- jsign, a java implementation
- signcode from the Mono project, as suggested by Mozilla. It's in the mono-devel ubuntu package.
- osslsigncode, an Openssl-based implementation of authenticode signing that uses curl to make the timestamp requests.
The Mozilla instructions are good for getting your keys and certs into a format that will work with these tools. Some minor additions to those below:
openssl pkcs12 -in authenticode.pfx -nocerts -nodes -out key.pem openssl rsa -in key.pem -outform PVK -pvk-strong -out authenticode.pvk openssl pkcs12 -in authenticode.pfx -nokeys -nodes -out cert.pem cat Thawte_Primary_Root_CA_Cross.cer >> cert.pem openssl crl2pkcs7 -nocrl -certfile cert.pem -outform DER -out authenticode.spc shred -u key.pemOnce you're done here you have authenticode.pvk with your encrypted private key, and authenticode.spc with your public certs. Appending the cross cert is necessary to make signature validation work with some tools. The windows GUI "Properties|Digital Signatures|Details" dialog will tell you "This digital signature is OK" but if you check with signtool verify on Windows, you'll find it isn't:
>"C:\Program Files\Microsoft SDKs\Windows\v7.1\Bin\signtool.exe" verify /v /kp my.exe Verifying: my.exe [snip] SignTool Error: Signing Cert does not chain to a Microsoft Root Cert. Number of files successfully Verified: 0 Number of warnings: 0 Number of errors: 1I suspect the GUI uses the local cert store and/or APIs that automatically fetch the required cross cert, but signtool and 3rd-party signature verifiers do not. With the cross cert added to the spc as above it can be correctly verified and mentions the MS cross cert:
Z:\signing\windows>"C:\Program Files\Microsoft SDKs\Windows\v7.1\Bin\signtool.exe" verify /v /kp my.exe Verifying: my.exe [snip] Cross Certificate Chain: Issued to: Microsoft Code Verification Root [snip] Successfully verified: my.exeIf you use Bit9 it's also worth checking that it will verify your binary using the dascli.exe tool:
>"C:\Program Files (x86)\Bit9\Parity Agent\DasCLI.exe" certinfo my.exe File[C:my.exe] Elapsed[630ms] CertValidated[Y] Detached[N] Publisher[My Inc] FileVerified[Y] [snip]So, back to signing on Linux. At first I tried installing mono and using "signcode". It claims to succeed:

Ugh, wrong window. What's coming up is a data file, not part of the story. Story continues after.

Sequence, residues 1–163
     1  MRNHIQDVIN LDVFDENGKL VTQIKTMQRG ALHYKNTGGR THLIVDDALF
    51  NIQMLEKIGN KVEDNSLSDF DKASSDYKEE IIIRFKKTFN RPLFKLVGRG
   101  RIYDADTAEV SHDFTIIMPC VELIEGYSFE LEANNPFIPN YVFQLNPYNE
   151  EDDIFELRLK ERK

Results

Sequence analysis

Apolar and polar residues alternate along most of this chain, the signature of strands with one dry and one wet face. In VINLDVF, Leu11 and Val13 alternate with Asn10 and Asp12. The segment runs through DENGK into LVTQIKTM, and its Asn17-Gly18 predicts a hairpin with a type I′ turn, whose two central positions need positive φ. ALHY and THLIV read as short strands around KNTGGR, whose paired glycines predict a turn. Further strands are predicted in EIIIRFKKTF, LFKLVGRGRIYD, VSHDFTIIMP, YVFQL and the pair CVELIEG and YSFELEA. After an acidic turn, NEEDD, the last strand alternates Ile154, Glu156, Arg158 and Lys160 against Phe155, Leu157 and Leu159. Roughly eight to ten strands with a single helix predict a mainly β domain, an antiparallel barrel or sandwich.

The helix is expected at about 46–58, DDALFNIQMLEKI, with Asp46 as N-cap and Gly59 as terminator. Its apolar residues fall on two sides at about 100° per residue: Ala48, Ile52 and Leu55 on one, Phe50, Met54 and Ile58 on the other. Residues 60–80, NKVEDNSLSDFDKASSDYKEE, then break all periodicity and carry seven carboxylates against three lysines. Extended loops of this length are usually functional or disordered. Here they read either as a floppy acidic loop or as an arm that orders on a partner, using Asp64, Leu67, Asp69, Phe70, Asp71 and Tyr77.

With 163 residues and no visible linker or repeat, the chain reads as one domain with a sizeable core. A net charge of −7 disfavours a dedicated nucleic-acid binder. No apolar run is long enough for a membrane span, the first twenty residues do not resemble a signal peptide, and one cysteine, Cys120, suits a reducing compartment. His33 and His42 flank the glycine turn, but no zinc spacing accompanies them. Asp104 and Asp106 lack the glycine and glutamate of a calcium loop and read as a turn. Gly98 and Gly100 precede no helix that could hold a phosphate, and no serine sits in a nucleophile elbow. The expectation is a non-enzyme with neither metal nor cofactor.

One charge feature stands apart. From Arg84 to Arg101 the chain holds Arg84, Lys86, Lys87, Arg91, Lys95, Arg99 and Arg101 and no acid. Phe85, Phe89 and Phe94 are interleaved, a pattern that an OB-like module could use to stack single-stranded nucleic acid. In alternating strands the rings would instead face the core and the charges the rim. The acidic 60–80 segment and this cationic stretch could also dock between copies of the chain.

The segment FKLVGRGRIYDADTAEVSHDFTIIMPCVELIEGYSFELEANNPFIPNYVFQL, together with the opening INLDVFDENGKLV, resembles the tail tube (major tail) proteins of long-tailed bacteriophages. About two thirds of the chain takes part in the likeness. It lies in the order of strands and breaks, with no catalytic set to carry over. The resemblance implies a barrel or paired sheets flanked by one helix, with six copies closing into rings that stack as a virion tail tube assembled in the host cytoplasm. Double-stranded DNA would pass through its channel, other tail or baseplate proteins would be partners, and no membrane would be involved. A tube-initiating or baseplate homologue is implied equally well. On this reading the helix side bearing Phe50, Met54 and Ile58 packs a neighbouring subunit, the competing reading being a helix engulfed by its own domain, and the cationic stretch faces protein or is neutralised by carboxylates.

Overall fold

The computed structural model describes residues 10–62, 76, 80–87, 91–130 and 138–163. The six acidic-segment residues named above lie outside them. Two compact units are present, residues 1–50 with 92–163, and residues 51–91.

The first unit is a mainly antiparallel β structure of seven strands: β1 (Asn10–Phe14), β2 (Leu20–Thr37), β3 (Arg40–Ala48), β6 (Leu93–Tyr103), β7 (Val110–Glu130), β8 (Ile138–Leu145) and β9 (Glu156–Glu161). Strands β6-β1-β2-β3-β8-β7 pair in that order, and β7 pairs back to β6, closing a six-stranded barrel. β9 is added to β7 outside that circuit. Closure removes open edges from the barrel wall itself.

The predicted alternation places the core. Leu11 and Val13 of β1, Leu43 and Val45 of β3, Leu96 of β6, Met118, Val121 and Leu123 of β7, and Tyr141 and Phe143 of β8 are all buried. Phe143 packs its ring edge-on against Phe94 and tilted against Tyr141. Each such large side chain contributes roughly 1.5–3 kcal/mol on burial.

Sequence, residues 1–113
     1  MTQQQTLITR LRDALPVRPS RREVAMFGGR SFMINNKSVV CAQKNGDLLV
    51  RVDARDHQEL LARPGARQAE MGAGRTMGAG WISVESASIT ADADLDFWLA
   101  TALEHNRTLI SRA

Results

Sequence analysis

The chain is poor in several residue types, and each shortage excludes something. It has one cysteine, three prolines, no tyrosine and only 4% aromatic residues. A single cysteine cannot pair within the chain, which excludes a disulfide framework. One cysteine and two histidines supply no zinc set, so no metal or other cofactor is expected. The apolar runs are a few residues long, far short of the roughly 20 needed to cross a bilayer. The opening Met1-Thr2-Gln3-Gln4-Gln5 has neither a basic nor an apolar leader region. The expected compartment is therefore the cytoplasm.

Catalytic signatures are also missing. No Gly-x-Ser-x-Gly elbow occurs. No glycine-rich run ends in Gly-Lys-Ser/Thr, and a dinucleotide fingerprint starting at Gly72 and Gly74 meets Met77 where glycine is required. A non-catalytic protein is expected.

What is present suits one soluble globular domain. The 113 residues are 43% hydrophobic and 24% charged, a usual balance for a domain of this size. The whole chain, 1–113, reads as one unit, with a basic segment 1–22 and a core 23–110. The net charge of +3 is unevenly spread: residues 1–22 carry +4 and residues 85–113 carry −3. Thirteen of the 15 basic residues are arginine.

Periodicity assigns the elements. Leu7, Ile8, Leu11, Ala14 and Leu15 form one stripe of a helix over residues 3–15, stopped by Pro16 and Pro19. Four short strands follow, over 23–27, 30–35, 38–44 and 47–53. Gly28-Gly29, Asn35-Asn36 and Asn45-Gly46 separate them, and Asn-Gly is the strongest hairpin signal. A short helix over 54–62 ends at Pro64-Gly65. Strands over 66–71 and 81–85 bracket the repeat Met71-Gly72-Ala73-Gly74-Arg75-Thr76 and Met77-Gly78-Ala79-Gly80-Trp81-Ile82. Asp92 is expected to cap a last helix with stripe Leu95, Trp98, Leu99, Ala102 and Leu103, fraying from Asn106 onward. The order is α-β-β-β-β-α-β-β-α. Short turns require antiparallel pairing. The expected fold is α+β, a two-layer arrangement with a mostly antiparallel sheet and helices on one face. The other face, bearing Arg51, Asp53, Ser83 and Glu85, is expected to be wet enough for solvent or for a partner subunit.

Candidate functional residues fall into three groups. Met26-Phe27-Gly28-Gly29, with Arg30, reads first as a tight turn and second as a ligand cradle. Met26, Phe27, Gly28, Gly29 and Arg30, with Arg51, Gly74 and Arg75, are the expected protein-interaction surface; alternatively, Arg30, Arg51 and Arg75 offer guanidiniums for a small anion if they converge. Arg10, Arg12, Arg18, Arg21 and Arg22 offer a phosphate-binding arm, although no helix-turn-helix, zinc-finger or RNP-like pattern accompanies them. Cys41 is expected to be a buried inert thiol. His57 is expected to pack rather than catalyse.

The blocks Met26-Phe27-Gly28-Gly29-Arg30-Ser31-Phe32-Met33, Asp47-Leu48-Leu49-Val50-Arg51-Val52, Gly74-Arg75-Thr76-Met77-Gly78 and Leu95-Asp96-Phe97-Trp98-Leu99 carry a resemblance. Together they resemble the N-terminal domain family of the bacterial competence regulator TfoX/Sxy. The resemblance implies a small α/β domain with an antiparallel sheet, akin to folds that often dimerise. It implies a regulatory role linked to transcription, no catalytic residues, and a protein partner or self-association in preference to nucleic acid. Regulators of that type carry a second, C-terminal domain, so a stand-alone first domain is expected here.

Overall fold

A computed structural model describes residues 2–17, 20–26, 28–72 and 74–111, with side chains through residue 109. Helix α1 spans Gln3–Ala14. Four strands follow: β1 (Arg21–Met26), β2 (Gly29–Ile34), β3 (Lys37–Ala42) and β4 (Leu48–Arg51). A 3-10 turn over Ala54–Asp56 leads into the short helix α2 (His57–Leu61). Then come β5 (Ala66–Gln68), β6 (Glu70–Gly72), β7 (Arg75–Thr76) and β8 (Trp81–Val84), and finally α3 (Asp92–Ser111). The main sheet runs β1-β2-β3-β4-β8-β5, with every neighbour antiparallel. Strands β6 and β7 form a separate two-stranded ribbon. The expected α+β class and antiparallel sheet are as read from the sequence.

$ signcode sign -spc authenticode.spc -v authenticode.pvk -a sha1 -$ commercial -n MyApp -t http://timestamp.verisign.com/scripts/timestamp.dll -tr 5 my.exe Mono SignCode - version 126.96.36.199 Sign assemblies and PE files using Authenticode(tm). Copyright 2002, 2003 Motus Technologies. Copyright 2004-2008 Novell. BSD licensed. Enter password for authenticode.pvk: MY_GODDAM_PASSWORD_IN_CLEARTEXT SuccessAnd in the process echoes your password in cleartext!?! This is something I was prepared to fix with a "read -s -p 'Password'" wrapper script like this guy, but the signature was no good. I could see it appended in a hexeditor but Windows didn't give me a Digital Signature tab in the GUI and signtool couldn't find it either:
>"C:\Program Files\Microsoft SDKs\Windows\v7.1\Bin\signtool.exe" verify /v /kp my.exe Verifying: my.exe SignTool Error: No signature found. Number of files successfully Verified: 0 Number of warnings: 0 Number of errors: 1It's possible that there's something weird about our exe that caused this to fail. Someone else reported a similar problem but then later claimed it was due to a corrupted exe. In any case, not being particularly wedded to, or happy with, mono and signcode at this point I tried osslsigncode, which worked fine and produced a valid signature.
sudo apt-get install libcurl4-openssl-dev ./configure make sudo make install osslsigncode sign -certs authenticode.spc -key authenticode.pvk -n "MyApp" -t http://timestamp.verisign.com/scripts/timstamp.dll -in my.exe -out my_signed.exeUpdate: After coming across this mozilla post, I suspect my problem with mono's signcode was that signcode may not support 64 bit, but I didn't go back to check.